Changes to driving laws: Little-known rule of the highway code can result in fines for overnight parking
The Highway Code sets out the mandatory rules that drivers must follow to ensure their safety on the road. Rules 248 to 252 describe how drivers must act when parking overnight.
The first rule states that drivers “must not park on a road at night against oncoming traffic, except in a recognized parking space”.
All vehicles must also display parking lights when parked on a road or rest area on a road with a speed limit over 30 mph (48 km/h).
While the rules of the road are only indicative, road users could face charges of reckless and reckless driving, which could lead to a fine.
Fines are likely to be a maximum of £1,000 unless the police deem the parking to be so serious that it requires legal action.
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These vehicles can be parked without lights on a road (or parking lot) with a speed limit of 30 mph (48 km/h) or less.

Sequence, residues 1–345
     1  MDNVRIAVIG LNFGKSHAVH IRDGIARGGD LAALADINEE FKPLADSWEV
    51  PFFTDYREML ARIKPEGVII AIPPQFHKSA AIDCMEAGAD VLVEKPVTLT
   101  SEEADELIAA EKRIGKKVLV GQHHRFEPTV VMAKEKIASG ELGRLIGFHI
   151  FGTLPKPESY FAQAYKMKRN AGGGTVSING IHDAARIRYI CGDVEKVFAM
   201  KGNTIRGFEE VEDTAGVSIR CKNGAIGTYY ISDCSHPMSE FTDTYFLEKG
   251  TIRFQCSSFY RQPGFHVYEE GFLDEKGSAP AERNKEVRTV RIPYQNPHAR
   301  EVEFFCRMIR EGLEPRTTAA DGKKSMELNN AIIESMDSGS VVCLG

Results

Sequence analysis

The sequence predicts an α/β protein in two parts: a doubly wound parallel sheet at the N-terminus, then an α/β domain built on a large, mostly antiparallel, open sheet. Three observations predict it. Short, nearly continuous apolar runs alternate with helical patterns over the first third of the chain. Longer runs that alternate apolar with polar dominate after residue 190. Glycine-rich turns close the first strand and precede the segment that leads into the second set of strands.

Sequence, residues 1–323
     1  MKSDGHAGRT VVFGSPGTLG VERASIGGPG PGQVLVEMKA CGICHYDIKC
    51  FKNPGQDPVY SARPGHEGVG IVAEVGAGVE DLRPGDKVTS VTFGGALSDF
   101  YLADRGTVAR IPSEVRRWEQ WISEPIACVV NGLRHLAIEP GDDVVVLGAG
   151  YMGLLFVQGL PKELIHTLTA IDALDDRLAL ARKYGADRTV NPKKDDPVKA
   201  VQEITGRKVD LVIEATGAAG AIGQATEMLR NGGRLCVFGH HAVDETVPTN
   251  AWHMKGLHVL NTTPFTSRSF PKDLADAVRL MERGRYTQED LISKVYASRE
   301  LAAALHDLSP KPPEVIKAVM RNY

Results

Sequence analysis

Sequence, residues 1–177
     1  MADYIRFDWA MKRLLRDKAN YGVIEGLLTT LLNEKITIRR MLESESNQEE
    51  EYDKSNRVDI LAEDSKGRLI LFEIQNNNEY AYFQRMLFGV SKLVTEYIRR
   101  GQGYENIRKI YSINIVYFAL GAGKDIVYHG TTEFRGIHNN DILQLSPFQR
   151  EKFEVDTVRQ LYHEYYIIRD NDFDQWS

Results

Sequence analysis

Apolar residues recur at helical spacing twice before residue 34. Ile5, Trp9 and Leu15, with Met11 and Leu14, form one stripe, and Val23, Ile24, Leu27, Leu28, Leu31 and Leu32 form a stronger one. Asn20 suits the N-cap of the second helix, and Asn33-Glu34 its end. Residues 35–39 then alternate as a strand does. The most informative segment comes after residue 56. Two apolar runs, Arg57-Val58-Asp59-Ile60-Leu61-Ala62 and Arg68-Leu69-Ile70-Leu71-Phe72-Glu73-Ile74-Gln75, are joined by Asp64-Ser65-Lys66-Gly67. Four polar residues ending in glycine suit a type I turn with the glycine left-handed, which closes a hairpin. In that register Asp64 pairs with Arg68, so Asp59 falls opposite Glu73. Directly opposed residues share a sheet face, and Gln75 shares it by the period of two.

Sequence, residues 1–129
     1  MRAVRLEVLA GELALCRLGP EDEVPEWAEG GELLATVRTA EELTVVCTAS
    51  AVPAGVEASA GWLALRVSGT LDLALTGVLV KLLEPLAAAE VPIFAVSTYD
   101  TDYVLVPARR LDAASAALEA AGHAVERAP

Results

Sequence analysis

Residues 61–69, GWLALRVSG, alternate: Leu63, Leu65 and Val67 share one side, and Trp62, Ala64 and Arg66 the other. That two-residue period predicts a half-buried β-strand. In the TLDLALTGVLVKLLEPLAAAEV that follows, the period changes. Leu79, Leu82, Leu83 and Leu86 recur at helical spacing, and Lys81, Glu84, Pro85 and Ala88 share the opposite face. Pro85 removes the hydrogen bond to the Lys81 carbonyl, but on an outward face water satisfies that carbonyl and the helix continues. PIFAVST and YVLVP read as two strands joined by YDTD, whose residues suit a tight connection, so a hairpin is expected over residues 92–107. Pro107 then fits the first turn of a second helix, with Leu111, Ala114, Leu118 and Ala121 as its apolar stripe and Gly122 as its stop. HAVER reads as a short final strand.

However, this only applies if they are at least 10 meters from any intersection, close to the sidewalk and facing the direction of traffic.
They must also be in a recognized parking spot or rest area.
Other vehicles and trailers, as well as all vehicles with protruding loads, should not be left on a road at night without lighting.
Nick Zapolski, founder of ChooseMyCar.com, said many drivers will have broken some – if not all – of these little-known rules.
He added: “Our research has already shown that almost three-quarters of UK drivers have honked or swore at other drivers out of frustration.
“But even the most angelic drivers are at risk with some of these arcane facts, like the correct use of sunglasses.
“I urge all drivers to check out our list to make sure they don’t find themselves £5,000 poorer this summer.”
Up to 70% of drivers regularly break traffic laws without knowing it.
If a parked car was involved in an accident and authorities decided the driver was at fault for parking it against traffic regulations, further action could be taken.
Other commonly broken traffic rules include leaving animals in cars in the hard shoulder.
Most motorists know that if they break down on the highway, everyone in the car should immediately leave the car and find a safe place to wait for help.
But few know that they cannot take any animal with them.
Rule 56 of the Highway Traffic Act states that pets cannot be taken into custody under any circumstances.